The Advantages and Disadvantages of Vertical Integration

Vertical integration occurs when a manufacturer merges with other members of its supply chain. The merger can cover suppliers of components or raw materials, or organisations that provide logistics or distribution services. The aim of vertical integration is to increase efficiency and reduce costs throughout the supply chain, improving competitiveness and profitability as a result. Vertical integration can also create barriers to market entry, improving competitiveness even further.


Vertical integration enables manufacturers to gain greater control over the inputs to the production process, according to "The Economist." Integration also enables the manufacturer to control the cost, quality and delivery times of components, raw materials and other supplies. That level of control can increase efficiency throughout the supply chain by coordinating ordering and production.


Although vertical integration gives manufacturers control over supplies, it can also create capacity problems, according to Quick MBA. If demand for a product falls, it can be difficult for a vertically integrated to scale down production or reduce order quantities with a supplier. In the same way, a steep rise in demand can highlight under capacity in the supply chain, with little flexibility to switch suppliers or use multiple sources.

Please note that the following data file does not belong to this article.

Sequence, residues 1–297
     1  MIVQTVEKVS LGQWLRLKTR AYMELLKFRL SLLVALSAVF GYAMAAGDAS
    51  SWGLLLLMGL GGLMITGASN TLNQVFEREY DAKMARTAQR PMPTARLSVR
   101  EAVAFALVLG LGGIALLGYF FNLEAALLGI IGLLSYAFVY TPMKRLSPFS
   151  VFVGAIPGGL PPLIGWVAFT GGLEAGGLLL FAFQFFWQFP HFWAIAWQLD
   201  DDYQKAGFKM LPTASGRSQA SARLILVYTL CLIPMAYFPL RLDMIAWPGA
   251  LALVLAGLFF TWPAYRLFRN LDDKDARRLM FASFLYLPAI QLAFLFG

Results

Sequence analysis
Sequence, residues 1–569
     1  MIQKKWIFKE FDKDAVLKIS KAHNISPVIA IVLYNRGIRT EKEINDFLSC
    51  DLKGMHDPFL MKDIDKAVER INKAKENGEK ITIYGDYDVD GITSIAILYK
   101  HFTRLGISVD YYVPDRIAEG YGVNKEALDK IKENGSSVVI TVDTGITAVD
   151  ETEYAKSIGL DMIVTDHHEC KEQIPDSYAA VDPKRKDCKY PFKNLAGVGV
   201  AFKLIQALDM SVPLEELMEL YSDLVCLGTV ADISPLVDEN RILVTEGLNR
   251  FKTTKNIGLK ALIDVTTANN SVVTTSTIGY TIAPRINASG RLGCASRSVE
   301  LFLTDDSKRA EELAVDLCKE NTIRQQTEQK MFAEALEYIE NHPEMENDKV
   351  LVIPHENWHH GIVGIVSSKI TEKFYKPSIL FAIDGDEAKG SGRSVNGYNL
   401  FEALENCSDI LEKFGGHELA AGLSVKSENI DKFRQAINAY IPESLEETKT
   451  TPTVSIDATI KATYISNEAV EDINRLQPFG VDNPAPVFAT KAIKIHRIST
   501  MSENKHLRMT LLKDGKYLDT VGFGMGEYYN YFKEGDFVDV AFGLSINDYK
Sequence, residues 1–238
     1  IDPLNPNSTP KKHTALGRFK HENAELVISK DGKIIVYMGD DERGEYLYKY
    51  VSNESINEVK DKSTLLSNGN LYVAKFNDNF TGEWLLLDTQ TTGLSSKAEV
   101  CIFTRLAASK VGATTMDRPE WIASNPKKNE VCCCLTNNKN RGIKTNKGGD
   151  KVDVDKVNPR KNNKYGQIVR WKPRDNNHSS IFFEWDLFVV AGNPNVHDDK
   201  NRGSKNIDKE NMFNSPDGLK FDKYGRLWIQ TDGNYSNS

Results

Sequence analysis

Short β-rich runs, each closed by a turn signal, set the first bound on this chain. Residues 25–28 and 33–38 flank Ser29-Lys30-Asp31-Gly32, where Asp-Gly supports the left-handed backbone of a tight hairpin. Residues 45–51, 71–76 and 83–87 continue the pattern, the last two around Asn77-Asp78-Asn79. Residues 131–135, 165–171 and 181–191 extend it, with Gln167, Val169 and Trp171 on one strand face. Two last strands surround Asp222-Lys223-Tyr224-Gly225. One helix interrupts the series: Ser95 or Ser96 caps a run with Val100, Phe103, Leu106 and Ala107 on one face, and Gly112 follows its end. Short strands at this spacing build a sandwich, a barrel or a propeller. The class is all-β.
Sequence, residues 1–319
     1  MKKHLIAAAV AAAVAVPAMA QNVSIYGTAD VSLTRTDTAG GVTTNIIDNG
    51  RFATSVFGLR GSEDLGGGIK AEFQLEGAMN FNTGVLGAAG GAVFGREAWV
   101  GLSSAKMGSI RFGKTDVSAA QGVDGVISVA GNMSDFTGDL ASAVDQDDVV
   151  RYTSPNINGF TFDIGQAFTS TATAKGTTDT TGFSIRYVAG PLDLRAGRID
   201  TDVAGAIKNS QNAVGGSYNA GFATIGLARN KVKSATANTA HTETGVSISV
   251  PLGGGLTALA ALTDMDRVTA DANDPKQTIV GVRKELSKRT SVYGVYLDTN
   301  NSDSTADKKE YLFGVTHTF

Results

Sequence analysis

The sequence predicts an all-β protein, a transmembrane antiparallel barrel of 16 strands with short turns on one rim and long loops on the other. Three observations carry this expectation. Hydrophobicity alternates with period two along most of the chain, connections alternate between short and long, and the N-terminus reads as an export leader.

Vertical integration in the supply chain can improve efficiency by coordinating production and eliminating the procurement costs of dealing with external suppliers. However, the lack of competition between suppliers in a vertically-integrated chain can also lead to inefficiency and an increase in cost of production, according to Quick MBA.


When a manufacturer merges with distributors or a retail chain, it aims to secure and control an outlet for its products. Vertical integration gives a manufacturer access to the distributors' existing customer base, reducing marketing and customer acquisition costs. However, if demand falls, the manufacturer may be forced to cut prices to maintain production output -- a move that could damage profitability throughout the supply chain.


Manufacturers that control access to critical components or scarce raw materials through vertical integration can create barriers to market entry. By limiting competition, they can build a strong market position and protect their customer base. However, the company may also face antitrust legislation if regulators believe that a merger distorts market concentration.

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About the Author

Based in the United Kingdom, Ian Linton has been a professional writer since 1990. His articles on marketing, technology and distance running have appeared in magazines such as “Marketing” and “Runner's World.” Linton has also authored more than 20 published books and is a copywriter for global companies. He holds a Bachelor of Arts in history and economics from Bristol University.